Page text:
The Atlanta Expo Speech 1895
Following is the first section of the most famous, and in some quarters the most infamous speech ever made by Booker T. Washington. It was originally known as the Atlanta Exposition Speech given at the the 1895 Cotton States and International Exposition in Atlanta, GA, but has since become better known as the Atlanta Compromise Speech by Dr. Washington's detractors. Those who would criticize, however, fail to recognize the heart and soul of Dr. Washington and his message. In the weeks and months ahead we want to share a fresh analysis of this speech and others, from our own and other people's perspective.
As I mentioned, this is but the first portion of the speech, and we hope to add and analyze one section per week. We hope that a fresh look at this speech and it's content, will cause many to reconsider the true message contained there in, for the time and environment in which it was given, as well as how it relates to the state of Black America today and our future direction. We also hope that your comments will add to the discourse in a meaningful way. ---------------------------------------
Mr. President and Gentlemen of the Board of Directors and Citizens:
One-third of the population of the South is of the Negro race. No enterprise seeking the material, civil, or moral welfare of this section can disregard this element of our population and reach the highest success. I but convey to you, Mr. President and Directors, the sentiment of the masses of my race when I say that in no way have the value and manhood of the American Negro been more fittingly and generously recognized than by the managers of this magnificent Exposition at every stage of its progress. It is a recognition that will do more to cement the friendship of the two races than any occurrence since the dawn of our freedom. Not only this, but the opportunity here afforded will awaken among us a new era of industrial progress.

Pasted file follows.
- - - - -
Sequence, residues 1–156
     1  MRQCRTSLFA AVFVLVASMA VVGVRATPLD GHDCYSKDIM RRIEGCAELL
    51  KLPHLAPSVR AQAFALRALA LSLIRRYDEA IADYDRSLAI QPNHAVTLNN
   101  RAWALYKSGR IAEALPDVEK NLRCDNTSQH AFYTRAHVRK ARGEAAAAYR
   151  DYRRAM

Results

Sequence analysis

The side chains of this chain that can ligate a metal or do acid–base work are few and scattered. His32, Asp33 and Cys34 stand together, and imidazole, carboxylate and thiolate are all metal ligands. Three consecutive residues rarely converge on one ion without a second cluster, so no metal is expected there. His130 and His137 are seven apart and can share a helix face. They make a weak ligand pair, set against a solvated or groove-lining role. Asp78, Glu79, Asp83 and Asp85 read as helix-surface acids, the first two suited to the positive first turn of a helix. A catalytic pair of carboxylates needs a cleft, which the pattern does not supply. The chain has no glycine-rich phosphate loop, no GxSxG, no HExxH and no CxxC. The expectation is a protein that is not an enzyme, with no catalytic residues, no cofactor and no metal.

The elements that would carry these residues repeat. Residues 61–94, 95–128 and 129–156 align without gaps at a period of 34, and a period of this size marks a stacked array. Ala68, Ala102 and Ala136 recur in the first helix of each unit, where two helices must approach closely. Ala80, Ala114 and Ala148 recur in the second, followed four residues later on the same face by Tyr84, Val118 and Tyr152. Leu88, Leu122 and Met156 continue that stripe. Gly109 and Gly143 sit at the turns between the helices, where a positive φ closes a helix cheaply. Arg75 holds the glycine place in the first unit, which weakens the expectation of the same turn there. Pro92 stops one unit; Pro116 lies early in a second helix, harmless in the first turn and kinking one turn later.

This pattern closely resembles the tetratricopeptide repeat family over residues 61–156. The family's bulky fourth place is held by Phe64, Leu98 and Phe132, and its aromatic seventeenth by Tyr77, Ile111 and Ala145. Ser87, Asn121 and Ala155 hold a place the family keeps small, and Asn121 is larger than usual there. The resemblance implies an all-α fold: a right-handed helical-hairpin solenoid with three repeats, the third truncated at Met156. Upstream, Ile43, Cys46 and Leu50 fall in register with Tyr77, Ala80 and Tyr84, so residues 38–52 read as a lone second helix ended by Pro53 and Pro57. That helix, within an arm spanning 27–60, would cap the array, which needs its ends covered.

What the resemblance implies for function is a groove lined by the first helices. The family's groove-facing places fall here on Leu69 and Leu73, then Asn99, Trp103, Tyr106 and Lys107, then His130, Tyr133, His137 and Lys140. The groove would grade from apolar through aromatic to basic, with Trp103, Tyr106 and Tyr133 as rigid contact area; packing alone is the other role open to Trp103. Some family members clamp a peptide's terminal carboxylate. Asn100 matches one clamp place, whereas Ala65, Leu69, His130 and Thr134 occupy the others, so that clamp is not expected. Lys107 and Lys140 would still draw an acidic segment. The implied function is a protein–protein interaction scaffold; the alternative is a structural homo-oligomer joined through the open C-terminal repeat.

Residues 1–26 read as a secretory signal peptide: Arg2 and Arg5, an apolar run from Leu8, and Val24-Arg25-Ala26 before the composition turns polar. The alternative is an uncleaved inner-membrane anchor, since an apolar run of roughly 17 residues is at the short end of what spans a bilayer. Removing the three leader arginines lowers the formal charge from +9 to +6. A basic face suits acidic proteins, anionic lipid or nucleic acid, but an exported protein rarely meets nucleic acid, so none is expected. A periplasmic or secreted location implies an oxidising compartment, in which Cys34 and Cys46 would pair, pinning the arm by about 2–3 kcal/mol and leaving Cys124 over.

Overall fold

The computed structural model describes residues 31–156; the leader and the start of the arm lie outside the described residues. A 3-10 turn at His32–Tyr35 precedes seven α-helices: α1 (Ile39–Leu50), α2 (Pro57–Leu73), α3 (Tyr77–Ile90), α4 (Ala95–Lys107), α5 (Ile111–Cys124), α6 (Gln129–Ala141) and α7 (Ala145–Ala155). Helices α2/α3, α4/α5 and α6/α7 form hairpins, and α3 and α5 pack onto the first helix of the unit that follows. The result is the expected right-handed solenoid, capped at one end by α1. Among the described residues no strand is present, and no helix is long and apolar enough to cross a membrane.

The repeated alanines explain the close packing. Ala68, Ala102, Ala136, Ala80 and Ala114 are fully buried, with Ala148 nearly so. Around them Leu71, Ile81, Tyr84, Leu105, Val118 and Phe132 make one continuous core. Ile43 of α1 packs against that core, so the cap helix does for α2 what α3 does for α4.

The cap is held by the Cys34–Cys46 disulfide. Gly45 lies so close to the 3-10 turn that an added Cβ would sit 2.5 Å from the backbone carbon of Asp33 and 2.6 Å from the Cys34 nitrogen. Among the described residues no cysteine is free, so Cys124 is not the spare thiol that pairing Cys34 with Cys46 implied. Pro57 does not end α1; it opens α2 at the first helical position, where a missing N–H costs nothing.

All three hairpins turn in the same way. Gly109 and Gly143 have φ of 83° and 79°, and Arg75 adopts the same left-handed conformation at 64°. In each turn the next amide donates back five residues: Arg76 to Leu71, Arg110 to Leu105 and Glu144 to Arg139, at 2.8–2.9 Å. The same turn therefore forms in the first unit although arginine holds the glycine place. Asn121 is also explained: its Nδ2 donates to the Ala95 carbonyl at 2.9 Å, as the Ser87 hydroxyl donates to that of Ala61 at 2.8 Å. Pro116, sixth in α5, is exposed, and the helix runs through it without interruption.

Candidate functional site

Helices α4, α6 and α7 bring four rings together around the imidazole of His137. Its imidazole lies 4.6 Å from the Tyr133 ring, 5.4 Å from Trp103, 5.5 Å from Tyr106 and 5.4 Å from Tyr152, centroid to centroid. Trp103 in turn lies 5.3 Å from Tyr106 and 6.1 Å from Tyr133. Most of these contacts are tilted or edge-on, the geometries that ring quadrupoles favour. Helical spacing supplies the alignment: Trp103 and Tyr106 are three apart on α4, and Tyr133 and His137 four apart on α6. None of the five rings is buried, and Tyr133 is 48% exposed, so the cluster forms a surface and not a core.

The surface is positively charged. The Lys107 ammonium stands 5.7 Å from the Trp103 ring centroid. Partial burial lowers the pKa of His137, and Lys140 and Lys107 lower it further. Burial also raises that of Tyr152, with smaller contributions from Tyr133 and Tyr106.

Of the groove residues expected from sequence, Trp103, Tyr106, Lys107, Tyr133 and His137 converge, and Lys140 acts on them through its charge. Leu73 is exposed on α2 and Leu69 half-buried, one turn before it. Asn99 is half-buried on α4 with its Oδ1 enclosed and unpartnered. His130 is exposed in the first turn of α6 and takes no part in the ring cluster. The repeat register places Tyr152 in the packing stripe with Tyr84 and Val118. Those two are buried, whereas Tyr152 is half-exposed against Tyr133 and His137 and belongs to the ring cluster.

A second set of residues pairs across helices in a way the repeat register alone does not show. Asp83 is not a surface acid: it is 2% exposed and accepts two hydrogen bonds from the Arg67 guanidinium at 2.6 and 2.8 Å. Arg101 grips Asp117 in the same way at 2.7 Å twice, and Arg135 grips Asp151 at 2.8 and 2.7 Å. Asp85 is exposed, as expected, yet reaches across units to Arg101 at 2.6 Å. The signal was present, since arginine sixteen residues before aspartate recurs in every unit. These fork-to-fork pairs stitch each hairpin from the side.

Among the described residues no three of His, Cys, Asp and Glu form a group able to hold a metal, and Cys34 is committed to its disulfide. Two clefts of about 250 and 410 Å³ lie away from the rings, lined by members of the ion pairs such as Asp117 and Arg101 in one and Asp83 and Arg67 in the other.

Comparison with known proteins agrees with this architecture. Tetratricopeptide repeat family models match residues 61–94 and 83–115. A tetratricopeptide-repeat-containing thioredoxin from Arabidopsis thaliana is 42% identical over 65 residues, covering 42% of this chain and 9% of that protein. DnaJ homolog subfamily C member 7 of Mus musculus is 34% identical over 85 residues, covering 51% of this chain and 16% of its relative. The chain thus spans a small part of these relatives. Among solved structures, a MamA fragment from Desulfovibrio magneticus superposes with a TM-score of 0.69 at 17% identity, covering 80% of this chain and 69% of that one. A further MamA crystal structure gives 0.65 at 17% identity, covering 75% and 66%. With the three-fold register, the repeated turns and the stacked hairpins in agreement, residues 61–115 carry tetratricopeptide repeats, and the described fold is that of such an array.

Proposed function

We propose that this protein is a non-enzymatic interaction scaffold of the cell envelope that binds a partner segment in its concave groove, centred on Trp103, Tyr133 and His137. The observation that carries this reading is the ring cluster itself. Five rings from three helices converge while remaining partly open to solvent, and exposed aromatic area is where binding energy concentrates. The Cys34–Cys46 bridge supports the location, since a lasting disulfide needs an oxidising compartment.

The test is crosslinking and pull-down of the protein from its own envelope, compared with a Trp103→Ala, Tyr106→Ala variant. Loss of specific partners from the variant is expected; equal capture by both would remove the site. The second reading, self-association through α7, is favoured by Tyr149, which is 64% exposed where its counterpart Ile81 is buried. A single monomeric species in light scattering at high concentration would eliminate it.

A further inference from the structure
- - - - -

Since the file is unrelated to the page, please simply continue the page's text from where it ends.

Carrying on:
Ignorant and inexperienced, it is not strange that in the first years of our new life we began at the top instead of at the bottom; that a seat in Congress or the state legislature was more sought than real estate or industrial skill; that the political convention or stump speaking had more attractions than starting a dairy farm or truck garden.
In the beginning of the speech Dr. Washington wanted to express express that as blacks compromised one third of the population of the South, that region could not afford to ignore the black race, if it wanted to prosper. He also wanted to show due respect to the Governor of Georgia who was in attendance, and Board of Directors of the Expo, who had put on the exposition. One reason Dr. Washington felt that respect and honor were due was that the board had gone to great lengths to recognize and include the efforts and accomplishments of ex-slaves in all aspects of the exposition. At this time, almost 10 years after reconstruction had ended, a sincere effort had been made to rebuild the devastated American South by both the black and the white race. This Exposition was meant to showcase and honor that common effort. Black Southerners were included from the beginning in the planning, and construction of the Expo all the way through to their inclusion in the expositions and their attendance at the magnificent event. This event was was seen by all as a hopeful time and as a rebirth of the South. It was an exciting time for black and white people alike and was a period full of hope.